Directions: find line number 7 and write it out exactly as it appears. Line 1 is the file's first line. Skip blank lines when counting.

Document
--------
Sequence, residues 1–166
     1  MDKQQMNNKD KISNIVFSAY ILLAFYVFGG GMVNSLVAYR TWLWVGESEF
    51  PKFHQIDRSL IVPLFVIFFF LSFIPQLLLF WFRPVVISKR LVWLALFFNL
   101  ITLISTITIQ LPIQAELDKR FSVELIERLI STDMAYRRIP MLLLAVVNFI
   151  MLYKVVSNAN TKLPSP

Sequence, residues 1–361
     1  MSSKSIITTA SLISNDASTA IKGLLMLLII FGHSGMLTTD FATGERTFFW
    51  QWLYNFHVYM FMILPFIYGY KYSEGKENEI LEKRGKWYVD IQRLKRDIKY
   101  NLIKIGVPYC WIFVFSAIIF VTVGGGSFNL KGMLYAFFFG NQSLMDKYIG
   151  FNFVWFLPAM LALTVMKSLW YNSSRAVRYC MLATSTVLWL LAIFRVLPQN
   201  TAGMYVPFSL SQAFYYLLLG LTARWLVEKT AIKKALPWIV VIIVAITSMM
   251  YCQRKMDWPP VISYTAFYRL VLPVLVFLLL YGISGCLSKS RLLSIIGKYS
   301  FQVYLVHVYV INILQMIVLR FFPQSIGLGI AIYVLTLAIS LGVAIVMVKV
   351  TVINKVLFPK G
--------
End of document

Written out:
     1  MSSKSIITTA SLISNDASTA IKGLLMLLII FGHSGMLTTD FATGERTFFW